At restaurants, diners, food carts, and similar establishments in New York, the only food items that are tax-exempt when ordered to-go are food and drinks that are unheated and sold in “the same way (in the same form, condition, quantities, and packaging)” as in a supermarket or grocery store. That is, coffee is not tax exempt since it is not cold, iced coffee is not exempt since it does not come the same way as it would at a grocery store (unless you are buying one of those bottled or canned Starbucks drinks), and bagels are only exempt if you’re buying them packaged as they would be in a store.

To sum up, in California, if you want to avoid taxes on bakery items, non-alcoholic and non-carbonated drinks, or cold food products, always choose take-out. If this is a store that mostly serves take-out or cold items, your purchase will be tax-free. If it isn’t, it’ll vary by store but there’s still a chance you won’t have to pay taxes on it anyway. In New York, on the other hand, getting your take-out food purchase to be tax-free may be harder, but, generally, avoid soda and sandwiches, and slice bagels yourself.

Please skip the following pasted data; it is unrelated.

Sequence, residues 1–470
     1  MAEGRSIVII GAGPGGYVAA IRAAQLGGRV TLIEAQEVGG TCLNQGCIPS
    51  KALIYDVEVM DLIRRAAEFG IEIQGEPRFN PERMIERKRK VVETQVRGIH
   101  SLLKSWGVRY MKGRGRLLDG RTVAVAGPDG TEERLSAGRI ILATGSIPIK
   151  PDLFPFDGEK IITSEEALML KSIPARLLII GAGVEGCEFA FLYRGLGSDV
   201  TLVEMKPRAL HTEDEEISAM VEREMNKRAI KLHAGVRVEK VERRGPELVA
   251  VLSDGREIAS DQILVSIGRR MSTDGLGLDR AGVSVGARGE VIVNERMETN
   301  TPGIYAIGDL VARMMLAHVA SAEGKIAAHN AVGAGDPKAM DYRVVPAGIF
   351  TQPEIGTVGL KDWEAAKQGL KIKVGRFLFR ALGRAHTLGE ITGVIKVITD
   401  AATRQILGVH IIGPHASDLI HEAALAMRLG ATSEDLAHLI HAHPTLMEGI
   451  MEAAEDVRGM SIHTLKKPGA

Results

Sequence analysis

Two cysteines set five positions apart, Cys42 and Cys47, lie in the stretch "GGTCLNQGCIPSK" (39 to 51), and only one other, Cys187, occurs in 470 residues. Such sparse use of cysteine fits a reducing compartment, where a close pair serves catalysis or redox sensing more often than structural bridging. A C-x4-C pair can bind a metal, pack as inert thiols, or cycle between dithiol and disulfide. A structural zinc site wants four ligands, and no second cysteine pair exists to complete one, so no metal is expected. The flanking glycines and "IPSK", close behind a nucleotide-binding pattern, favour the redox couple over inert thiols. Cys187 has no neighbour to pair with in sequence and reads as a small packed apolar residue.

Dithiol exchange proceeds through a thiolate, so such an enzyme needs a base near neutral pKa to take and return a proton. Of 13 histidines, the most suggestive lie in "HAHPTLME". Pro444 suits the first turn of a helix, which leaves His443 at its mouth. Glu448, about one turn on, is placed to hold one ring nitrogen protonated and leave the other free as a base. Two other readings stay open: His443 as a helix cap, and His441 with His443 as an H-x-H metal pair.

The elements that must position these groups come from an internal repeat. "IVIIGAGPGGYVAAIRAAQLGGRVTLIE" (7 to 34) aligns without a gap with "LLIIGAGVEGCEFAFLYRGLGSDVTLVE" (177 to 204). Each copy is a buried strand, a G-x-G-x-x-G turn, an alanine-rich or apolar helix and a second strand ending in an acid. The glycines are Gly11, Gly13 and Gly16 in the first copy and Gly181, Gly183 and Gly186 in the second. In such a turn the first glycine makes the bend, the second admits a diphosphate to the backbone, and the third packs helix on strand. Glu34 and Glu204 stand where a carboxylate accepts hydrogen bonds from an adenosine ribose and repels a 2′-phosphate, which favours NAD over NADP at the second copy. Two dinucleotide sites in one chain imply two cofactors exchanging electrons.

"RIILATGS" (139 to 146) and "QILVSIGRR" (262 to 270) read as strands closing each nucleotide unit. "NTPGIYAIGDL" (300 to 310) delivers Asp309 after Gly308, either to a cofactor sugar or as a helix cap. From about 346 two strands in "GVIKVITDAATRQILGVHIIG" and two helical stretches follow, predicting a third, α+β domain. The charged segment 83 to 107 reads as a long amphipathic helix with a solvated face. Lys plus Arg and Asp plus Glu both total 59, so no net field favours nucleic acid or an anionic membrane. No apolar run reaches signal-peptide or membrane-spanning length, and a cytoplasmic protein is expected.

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Get Ready for Sales Tax Holiday Weekend 2009

Mark your calendars for shopping this weekend.  In several states this coming Friday, August 7th, kicks off a 2 or 3 day sales tax holiday, with back-to-school preparations in mind.  But this does not mean you have to be in school to benefit: most participating states are waiving sales taxes on any clothing purchase up to $100 (a maximum of $100 per item or per purchase, depending on the state; but if your state does the latter, just separate your items into more than one purchase under $100 if you can) and many are also including footwear and computers.  For a full list of states and items covered, visit the Federation of Tax Administrators’ website also has a good summary, but the information for DC is outdated.  The early August tax holiday in the District, which is usually longer than the 2-3 standard, has been repealed (still no news on the November one) for fiscal reasons.  But DC residents need not miss out on the benefits – a short trip on the metro into Virginia over the weekend should do the trick.  The state of Virginia is waiving its (already lower than DC’s) sales tax from this Friday to Sunday on school supplies with a sales price of up to $20 and clothing and footwear items priced at up to $100, with an unlimited number of items or total cost.  A list of eligible and ineligible items is provided by the VA Department of Taxation.

With sales taxes ranging from 4% to almost 10%, purchases of eligible items in participating states will effectively come with quite a generous discount this weekend.  So if you were planning on buying clothes, computers, or other eligible items in the near future, this weekend looks like the perfect time to go shopping, rain or shine.